Where Americans Spend the Most on Back-to-School Shopping
For kids, the chance to buy all those cool new school supplies before digging into classes each year can be rather exciting — there’s nothing like a new backpack bulging with shiny new pens, colorful binders, fresh paper and more. For parents, however, these supplies can come as a painful chunk out of the budget, particularly this year, as inflation has driven up the cost of so many essentials.
In one recent GOBankingRates survey, most Americans who have to back-to-school shop expect to spend less than $200. However, 33% of shoppers expect to spend between $201 and $400. And another 11% of shoppers may really feel the pinch, planning to spend between $401 and $600.
GOBankingRates tried to get a more specific handle on how these costs break down, by looking at the categories where Americans are spending the most money on their back-to-school shopping, with data from the National Retail Fund. The data is broken into two categories, “school supplies,” which is K-12 students, and college students’ supplies.
For total expenditures, unsurprisingly, school supplies for college students come to about $335 more than those for school-aged children, since college students have to furnish apartments and bring supplies they can’t share with their families. Though the $864 that school-aged children’s families have to spend is still a hefty total, it’s definitely more expensive to send a kid to college.
Clothing and Accessories and Shoes
Although college students have more total expenses, families spend more on clothing and shoes for school-aged children than college students; likely because younger children are still growing and need a wider variety of new clothing than the young adults headed off to college. College students are notorious for wearing the same clothes plenty of times over; another expense many college kids might put off dealing with is the cost of laundry.
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For school supplies alone, college students are expecting to spend $86.89, which is more than $50 less than supplies for school-aged children, which came in at $139.56. This makes sense, as well, given that school-aged children often require supplies that college students don’t, such as colored pencils, glue sticks, calculators and more.
Electronics and Computers
The two categories spent about the same on electronics, and computers, however, that may be explained by more classrooms, at all education levels, relying more on things like chrome books, laptops and requiring the use of headphones. According to a report from the Institute for Education Sciences, even back in the 2019-2020 school year (pre-pandemic, in essence), 45% of schools had a computer for each student. The pandemic likely drove that number up significantly. Computers are likely to stick around in the classroom into the future.
College Students Face Additional Expenses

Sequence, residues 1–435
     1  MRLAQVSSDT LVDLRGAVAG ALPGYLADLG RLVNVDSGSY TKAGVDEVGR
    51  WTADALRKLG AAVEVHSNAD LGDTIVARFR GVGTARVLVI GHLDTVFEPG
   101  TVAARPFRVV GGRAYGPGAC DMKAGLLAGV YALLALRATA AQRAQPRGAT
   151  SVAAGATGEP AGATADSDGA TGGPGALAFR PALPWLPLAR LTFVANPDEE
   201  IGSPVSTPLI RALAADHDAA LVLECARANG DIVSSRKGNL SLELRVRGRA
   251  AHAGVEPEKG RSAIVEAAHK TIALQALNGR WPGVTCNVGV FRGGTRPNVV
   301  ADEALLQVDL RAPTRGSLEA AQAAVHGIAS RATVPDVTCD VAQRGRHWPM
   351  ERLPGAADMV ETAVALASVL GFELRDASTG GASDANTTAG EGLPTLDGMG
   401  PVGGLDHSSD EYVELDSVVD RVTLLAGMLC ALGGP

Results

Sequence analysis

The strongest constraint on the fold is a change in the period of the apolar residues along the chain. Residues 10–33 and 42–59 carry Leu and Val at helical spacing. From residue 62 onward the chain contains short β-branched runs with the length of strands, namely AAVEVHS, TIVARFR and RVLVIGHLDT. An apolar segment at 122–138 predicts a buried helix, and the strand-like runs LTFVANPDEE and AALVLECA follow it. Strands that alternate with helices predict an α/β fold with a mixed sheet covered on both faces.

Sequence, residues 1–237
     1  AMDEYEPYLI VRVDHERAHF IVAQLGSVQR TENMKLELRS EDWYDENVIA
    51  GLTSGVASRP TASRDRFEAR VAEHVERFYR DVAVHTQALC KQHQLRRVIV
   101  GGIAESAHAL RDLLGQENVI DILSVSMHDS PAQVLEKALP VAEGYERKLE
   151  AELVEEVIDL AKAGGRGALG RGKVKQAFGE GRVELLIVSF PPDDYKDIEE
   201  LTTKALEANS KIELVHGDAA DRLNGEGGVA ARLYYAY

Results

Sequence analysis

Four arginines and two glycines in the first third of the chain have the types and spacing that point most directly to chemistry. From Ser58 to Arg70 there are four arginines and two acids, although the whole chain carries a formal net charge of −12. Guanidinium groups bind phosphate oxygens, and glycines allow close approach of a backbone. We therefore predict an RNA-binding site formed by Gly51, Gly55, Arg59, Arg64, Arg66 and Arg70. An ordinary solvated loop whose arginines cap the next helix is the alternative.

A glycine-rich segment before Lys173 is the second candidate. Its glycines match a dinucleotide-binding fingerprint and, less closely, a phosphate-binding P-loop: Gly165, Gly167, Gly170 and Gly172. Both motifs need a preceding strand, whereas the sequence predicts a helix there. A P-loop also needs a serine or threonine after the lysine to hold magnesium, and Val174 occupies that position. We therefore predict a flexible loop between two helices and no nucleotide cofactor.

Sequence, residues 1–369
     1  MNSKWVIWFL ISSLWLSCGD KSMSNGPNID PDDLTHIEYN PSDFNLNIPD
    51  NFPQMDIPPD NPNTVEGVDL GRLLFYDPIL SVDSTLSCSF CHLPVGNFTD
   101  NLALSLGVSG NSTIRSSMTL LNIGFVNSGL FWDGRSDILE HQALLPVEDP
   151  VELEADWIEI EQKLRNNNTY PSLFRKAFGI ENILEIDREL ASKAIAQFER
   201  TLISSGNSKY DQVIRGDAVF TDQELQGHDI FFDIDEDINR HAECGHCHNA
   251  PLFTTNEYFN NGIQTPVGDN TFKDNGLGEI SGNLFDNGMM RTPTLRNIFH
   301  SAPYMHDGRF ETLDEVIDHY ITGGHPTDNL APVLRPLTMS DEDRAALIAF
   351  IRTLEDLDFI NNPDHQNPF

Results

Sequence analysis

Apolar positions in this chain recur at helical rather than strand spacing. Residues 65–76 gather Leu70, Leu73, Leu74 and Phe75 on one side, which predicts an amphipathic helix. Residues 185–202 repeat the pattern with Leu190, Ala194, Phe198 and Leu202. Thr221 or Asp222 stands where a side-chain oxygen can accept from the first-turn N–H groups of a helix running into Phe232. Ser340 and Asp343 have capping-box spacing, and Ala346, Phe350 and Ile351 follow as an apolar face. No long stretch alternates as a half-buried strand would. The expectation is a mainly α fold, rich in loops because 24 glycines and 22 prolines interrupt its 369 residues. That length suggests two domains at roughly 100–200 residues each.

Though school-aged children’s supplies are nothing to sneeze at, under the best of economic circumstances, college students have expenses that school-aged children don’t, such as collegiate gear — things like school jackets or equipment; dorm and or apartment furnishings; food to stock up those bare cabinets; personal care items since they can’t use mom and dad’s shampoo anymore, and some gift cards parents probably purchase to allow their kids to pick out items of their own liking.
In addition, this year, with inflation at a nearly historical high, the college experience has grown more costly on several levels. Many colleges, after freezing or reducing their tuition and fees hikes during the pandemic, have returned to their increases, so college itself is already more expensive than it was in prior years for some. It’s pushing more students to pursue cheaper community colleges for their first two years, among other strategies.
College students are looking for alternatives to dorm housing, including sharing apartments or larger homes with friends, moving into fraternity or sorority housing, and looking into student-family housing.
Solutions to High Prices
Of course, just because you have to buy school supplies doesn’t mean you have to pay full price. A recent GOBankingRates survey of more than 1,000 adults showed that one way people are dealing with these expensive costs is to look for coupons and sales more than usual — about 35%. Another 30% of respondents were seeking cheaper alternatives, and 10% are making budget cuts in other places so they can afford school supplies. Fifty-two percent said they’re shopping at Walmart, which proved itself to be the low-cost leader for school supplies this year.
No matter whether you’re buying supplies for school-aged children or college students, back-to-school costs can make a big dent in your budget.
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